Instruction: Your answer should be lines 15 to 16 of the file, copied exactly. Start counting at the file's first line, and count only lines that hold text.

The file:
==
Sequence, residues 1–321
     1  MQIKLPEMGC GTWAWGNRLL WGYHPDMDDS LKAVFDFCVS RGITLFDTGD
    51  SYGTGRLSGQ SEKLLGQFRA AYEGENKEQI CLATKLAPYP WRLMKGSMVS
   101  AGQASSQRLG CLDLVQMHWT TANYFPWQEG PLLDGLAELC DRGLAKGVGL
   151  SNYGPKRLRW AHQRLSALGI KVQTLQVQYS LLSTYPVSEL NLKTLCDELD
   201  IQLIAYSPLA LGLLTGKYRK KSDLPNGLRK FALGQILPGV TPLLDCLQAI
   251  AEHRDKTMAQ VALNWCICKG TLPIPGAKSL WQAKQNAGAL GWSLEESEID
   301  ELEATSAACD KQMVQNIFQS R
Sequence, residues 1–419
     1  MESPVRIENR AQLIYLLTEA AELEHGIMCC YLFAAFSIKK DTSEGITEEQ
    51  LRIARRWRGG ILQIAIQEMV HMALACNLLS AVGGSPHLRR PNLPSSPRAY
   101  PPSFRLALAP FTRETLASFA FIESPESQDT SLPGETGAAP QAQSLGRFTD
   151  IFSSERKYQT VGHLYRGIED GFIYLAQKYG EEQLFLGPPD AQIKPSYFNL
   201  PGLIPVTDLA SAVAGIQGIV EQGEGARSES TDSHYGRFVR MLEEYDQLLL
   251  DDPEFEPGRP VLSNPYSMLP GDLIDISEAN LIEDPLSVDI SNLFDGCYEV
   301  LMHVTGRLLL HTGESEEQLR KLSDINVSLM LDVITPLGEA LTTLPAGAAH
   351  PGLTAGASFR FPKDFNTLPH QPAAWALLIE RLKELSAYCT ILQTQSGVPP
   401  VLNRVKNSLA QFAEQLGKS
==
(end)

   251  DDPEFEPGRP VLSNPYSMLP GDLIDISEAN LIEDPLSVDI SNLFDGCYEV
   301  LMHVTGRLLL HTGESEEQLR KLSDINVSLM LDVITPLGEA LTTLPAGAAH